R. Brown Construction is built on expert operation through treacherous terrain, natural disasters

coy1216_leadThere’s no easy way to get to Willow Creek, California, where Roger Brown has been plying his skills as a contractor for more than three decades. Drive north on Interstate 5 until just near the Oregon border—and then hang a left into the some of the deepest woods and steepest mountains in the country. Keep going for another three hours.

But the mountains and the narrow winding roads that snake through them have been good to Brown and his three sons: Roger Jr., Kevin and Damon. In the rainy winters, rockslides frequently shut down the road, and in the dry summers, wildfires can erupt almost anywhere. Heavy equipment is necessary to alleviate both types of disaster, and these conditions require just the kind of quick response and expert equipment operation for which R. Brown Construction is well known.

And when Brown and his sons and employees aren’t battling Mother Nature’s erratic temperament, they find plenty of work doing traditional civil engineering jobs in this beautiful slice of paradise.

In big cities, most contractors would not help a competitor out, but Northern California has some of the most remote land in the country. The ethics are different. Cooperation is often more important than competition. “I like it here,” says Roger. “All my kids and grandkids are here. We have a good relationship with the rest of the people around here.”

The lifestyle isn’t too bad either, if you like the outdoors. Roger’s office is adorned with numerous stuffed animals, trophies that he’s hunted over the years. All three sons hunt as well, sometimes taking horses into the steep canyons and mountainsides, terrain where no vehicles could go.

Beginnings

coy1216_aRoger grew up in Arcata, California, on the coast about an hour west from Willow Creek. He went to college and met his wife in Redding, and stayed there for 10 years before going to work at his father-in-law’s construction company in Willow Creek. After turning 50 though, Roger was itching to try it on his own and formed his own company, eventually buying out much of his father-in-law’s fleet when he retired.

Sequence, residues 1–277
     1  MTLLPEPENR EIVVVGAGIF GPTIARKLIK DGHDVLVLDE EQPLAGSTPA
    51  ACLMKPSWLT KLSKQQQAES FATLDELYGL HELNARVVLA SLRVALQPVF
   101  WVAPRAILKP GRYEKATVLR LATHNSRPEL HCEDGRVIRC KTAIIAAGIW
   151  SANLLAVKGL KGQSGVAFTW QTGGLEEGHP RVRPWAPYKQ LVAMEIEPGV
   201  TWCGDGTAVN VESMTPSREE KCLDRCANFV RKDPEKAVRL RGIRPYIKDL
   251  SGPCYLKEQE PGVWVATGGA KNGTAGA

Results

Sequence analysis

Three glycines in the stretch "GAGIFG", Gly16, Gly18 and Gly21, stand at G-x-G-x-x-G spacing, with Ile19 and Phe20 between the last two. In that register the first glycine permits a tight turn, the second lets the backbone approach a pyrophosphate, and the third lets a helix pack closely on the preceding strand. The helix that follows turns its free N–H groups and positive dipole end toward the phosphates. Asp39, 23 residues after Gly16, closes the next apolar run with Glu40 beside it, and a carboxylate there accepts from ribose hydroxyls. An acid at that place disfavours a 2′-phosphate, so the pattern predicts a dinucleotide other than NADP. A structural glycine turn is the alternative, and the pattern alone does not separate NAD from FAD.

Part of that fleet included the first dozer he ran when he was working for his father-in-law – an ancient Cat D7. “People keep asking me why I keep rebuilding that thing,” Roger says. “But it’s just like part of the family.”

Roger started small, with a backhoe and a dump truck, and then gradually worked up from there. “We took jobs we knew how to handle,” he says.

Logging was a part of the company’s operation at first, and good work for the boys, two of which were in high school. Roger and the crews would fell the trees during the weekdays and then bring the boys out to set chokers on weekends.

Restrictions on timber cutting in the Northwest, and the costs of insurance and licenses grew to be prohibitive, so the company dropped logging and started developing additional skill sets in civil construction. Most of their work today is public construction, and about 80 percent is for CalTrans in Trinity and Humboldt counties.